Austerity, suicide, and screening2013; 347 doi: http://dx.doi.org/10.1136/bmj.f5678 (Published 18 September 2013) Cite this as: 2013;347:f5678
- Fiona Godlee, editor, BMJ
The BMJ tries not to get into party politics. But parties have policies, and when those policies become government policies, and where there is evidence that a policy is harming health, we must speak as we find.
The policy in this case is austerity, and new evidence of its associated harm is published in the BMJ this week. Building on previous smaller studies, Chang and colleagues have examined data from 54 countries to examine the link between the 2008 global economic crisis and increased rates of suicide (doi:10.1136/bmj.f5239). By comparing the number of suicides reported in 2009 with the number expected based on trends before the crisis (2000-07), they identified over 4000 “excess suicides.” Increased suicides were most apparent in Europe and the United States, and in men rather than women. The authors looked for and found a specific “dose response” relation between increased suicide rates and increase in unemployment, especially in countries where unemployment levels before the crisis were relatively low.
In a linked editorial, Keith Hawton and Camilla Haw take this further (doi:10.1136/bmj.f5612). Other evidence, most notably a study published four years ago in the Lancet (Stuckler et al, 2009) shows that countries that have adopted austerity measures have seen the biggest rises in suicide and other health problems, and that active programmes to keep people in work or meaningful activity can reduce or counter these harms.
So governments can, if they choose, ameliorate the serious damage to mental health from unemployment, the brunt of which in almost all countries examined by Chang and colleagues was borne by young men. In a second editorial, Jan Scott and colleagues highlight the hidden burden of mental health problems in young men who are not employed or in education or training (so called NEETs) (doi:10.1136/bmj.f5270). Too often, healthcare systems fail to identify those at risk before they descend into the “double whammy” of economic inactivity and severe mental disorder.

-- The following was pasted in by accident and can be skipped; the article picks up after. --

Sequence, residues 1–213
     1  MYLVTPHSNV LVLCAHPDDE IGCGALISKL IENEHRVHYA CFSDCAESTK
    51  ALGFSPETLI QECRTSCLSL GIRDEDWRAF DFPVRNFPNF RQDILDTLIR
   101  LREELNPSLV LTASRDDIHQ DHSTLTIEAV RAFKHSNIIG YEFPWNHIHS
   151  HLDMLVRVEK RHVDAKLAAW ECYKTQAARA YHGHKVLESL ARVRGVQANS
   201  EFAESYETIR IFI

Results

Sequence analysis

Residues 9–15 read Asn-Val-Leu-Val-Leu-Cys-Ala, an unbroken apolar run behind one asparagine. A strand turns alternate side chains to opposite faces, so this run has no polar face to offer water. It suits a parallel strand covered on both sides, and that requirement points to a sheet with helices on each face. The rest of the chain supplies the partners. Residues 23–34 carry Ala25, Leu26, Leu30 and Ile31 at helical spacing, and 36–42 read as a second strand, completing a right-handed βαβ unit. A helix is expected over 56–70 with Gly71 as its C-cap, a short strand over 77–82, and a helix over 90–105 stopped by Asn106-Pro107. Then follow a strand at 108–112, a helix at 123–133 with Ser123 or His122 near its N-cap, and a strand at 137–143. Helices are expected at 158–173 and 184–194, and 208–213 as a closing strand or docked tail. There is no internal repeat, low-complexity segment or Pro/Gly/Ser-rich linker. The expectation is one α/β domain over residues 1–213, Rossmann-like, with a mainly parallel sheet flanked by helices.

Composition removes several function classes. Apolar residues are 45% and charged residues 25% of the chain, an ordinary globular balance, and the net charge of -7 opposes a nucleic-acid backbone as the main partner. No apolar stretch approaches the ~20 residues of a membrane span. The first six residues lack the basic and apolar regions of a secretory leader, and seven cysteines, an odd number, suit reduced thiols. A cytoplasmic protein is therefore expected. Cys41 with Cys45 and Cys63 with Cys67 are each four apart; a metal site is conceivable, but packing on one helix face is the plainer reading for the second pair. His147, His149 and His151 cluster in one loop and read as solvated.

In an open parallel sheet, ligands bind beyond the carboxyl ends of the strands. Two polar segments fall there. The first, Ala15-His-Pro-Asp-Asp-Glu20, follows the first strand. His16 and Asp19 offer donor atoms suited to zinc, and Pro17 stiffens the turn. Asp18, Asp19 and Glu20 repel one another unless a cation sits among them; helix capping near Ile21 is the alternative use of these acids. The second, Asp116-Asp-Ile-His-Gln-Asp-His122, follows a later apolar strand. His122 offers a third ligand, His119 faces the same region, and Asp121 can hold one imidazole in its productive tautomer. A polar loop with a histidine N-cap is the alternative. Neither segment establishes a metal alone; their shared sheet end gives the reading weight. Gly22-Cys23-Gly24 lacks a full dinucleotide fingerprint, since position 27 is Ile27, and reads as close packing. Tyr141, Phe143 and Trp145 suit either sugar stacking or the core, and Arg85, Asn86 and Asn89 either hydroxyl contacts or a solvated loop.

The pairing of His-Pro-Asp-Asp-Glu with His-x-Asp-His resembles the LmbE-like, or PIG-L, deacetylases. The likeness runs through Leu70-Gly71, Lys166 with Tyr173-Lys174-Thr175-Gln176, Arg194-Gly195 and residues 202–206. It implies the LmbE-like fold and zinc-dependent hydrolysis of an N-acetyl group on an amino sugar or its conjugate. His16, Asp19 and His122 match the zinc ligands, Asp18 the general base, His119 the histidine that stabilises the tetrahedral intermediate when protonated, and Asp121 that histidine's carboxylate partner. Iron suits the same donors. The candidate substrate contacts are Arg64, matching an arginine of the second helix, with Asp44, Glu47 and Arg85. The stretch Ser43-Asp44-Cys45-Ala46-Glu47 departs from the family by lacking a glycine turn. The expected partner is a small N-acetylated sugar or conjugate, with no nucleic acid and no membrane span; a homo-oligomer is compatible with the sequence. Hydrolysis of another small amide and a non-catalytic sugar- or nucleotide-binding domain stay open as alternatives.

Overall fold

If this is an important example of underdiagnosis, there is no shortage of examples of overdiagnosis. At the Preventing Overdiagnosis conference in Dartmouth last week (www.preventingoverdiagnosis.net), clinicians and academics who had been ploughing a sometimes lonely furrow within their own specialty found themselves at last in like minded company and able to compare notes across healthcare (http://bit.ly/1a0oX26).
Barnett Kramer, a long-time commentator on the risks of overdiagnosis from cancer screening, was there, and in an editorial this week, he and colleagues focus on the damage done by indiscriminate use of the term “cancer” for lesions that may not progress (doi:10.1136/bmj.f5328). And just published on bmj.com, a new study finds that randomised trials of cancer screening are poor at reporting harms. Of 57 trials identified, only 7% mentioned the risks of overdiagnosis and only 4% recorded false positive results (doi:10.1136/bmj.f5334).
Such concerns will be familiar to those of you who have followed the BMJ’s Too Much Medicine campaign (www.bmj.com/too-much-medicine) and our recent series on overdiagnosis, which this week turns to screening for pre-dementia (doi:10.1136/bmj.f5125). Another government policy which, based on this paper, might be summarised as daft and damaging.
Cite this as: BMJ 2013;347:f5678